If you’re considering a holiday to Lanzarote but are concerned it’s all water parks and sun bathing, well think again. Lanzarote is an island rich in history and natural beauty with an awe inspiring volcanic landscape.
Historians have dated habitation on the island back to 1000 BC and since then the island has been through numerous governmental disputes until the treaty of Alcacovas granted authority of the Canary Islands, including Lanzarote, to Spain in 1479.
In 1982 the Canaries became an autonomous region of Spain and this is celebrated throughout the archipelagos on 30th May each year with a national holiday known as ‘Dia de Canarias’.
The Canary Islands, though part of Spain are actually located near to the northwest African Coast, close to Morocco. Lanzarote is one of the largest of the archipelagos which is perhaps the reason why, along with Tenerife, Gran Canaria and Fuerteventura, it is one of the most popular places for holidaymakers.
The name Lanzarote is said to derive from the name of the Genoese navigator Lancelotto Malocello who arrived at the island in 1336.
While there’s an interesting history of the island to explore it is perhaps the unique lunar-esque landscape that really deserves some attention.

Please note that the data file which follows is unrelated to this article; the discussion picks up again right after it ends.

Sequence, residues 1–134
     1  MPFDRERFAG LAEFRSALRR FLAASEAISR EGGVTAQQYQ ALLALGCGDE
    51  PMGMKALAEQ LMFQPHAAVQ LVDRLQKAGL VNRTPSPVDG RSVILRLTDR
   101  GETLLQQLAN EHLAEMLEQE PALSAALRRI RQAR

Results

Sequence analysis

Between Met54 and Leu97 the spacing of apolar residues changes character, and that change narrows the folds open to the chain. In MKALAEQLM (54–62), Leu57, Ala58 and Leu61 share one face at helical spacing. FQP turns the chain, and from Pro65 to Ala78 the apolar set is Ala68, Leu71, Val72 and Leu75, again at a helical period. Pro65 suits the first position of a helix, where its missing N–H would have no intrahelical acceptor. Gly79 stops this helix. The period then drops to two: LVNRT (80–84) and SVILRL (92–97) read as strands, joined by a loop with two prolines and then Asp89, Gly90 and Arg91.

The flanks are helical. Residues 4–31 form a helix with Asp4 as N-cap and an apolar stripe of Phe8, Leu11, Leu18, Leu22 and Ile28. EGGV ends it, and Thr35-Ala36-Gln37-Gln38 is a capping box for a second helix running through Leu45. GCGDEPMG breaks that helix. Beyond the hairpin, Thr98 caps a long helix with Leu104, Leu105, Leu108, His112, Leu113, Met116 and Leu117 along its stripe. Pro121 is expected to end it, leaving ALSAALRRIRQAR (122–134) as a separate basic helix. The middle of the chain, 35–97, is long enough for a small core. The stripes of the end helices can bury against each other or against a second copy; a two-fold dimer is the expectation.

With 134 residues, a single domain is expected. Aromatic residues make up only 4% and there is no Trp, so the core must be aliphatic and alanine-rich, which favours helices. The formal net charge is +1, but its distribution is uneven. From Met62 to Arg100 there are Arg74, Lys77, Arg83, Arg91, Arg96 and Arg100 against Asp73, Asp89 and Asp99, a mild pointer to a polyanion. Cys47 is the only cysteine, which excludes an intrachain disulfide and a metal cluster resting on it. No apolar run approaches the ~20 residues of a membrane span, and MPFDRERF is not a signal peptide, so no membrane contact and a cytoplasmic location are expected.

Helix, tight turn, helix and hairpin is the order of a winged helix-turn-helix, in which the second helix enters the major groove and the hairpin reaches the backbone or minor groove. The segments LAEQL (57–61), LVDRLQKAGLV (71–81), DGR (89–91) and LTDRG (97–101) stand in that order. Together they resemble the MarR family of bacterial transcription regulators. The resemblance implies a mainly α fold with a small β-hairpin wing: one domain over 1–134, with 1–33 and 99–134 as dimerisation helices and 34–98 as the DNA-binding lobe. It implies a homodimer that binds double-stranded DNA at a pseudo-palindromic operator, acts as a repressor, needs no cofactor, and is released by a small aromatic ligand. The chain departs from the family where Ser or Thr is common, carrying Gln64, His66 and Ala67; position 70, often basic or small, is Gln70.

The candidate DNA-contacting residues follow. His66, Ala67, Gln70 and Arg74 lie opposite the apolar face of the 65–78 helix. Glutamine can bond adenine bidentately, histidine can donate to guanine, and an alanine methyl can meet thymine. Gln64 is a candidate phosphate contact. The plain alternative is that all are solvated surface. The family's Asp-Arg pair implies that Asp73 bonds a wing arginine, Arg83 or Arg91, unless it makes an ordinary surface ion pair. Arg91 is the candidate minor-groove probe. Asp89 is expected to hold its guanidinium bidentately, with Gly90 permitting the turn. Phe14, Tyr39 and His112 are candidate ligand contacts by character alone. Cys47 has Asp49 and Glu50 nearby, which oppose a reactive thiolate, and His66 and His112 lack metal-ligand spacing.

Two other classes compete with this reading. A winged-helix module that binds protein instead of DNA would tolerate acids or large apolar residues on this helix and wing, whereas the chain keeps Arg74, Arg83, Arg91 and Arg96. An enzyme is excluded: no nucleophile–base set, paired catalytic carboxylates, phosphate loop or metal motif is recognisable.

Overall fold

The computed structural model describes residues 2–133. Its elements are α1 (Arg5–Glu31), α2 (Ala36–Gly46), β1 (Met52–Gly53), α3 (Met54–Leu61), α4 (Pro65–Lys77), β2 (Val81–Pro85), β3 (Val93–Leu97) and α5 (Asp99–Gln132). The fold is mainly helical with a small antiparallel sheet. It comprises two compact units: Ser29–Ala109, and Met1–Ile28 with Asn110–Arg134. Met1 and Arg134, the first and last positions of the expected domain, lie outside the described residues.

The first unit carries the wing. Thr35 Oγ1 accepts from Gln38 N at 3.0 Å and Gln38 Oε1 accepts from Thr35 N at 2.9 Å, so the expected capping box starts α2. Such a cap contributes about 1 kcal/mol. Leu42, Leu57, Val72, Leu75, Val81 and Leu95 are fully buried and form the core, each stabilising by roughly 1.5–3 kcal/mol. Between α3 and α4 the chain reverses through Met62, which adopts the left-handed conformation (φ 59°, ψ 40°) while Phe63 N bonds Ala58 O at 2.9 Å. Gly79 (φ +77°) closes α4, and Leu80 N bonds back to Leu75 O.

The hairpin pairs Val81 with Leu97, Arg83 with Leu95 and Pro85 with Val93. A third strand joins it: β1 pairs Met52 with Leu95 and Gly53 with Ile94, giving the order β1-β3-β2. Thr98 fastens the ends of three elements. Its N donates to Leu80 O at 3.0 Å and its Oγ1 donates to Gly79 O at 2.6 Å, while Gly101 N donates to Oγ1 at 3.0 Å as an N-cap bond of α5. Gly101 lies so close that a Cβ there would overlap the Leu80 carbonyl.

Volcanic eruptions are responsible for shaping the unique geography of the island today and have created the out-of-this-world environments tourists flock to explore. With rugged rock formations and solidified lava streams, it’s like something straight out of a sci-fi film set in outer space.
The famous volcanic eruptions of 1730-1736 are largely responsible for this when they devastated the communities that had developed around the island.
Beyond the political history and natural beauty, Lanzarote also boasts an impressive cultural climate.
Arguably the most famous artist Lanzarote has produced is César Manrique and his work is proudly celebrated throughout the island with paintings, sculptures and architecture.
Manrique was hugely influential in the development of tourism in Lanzarote, which really started to take off here in the 1960s. With the average temperatures generally staying above 17?C all year round it’s easy to understand why it’s still such a .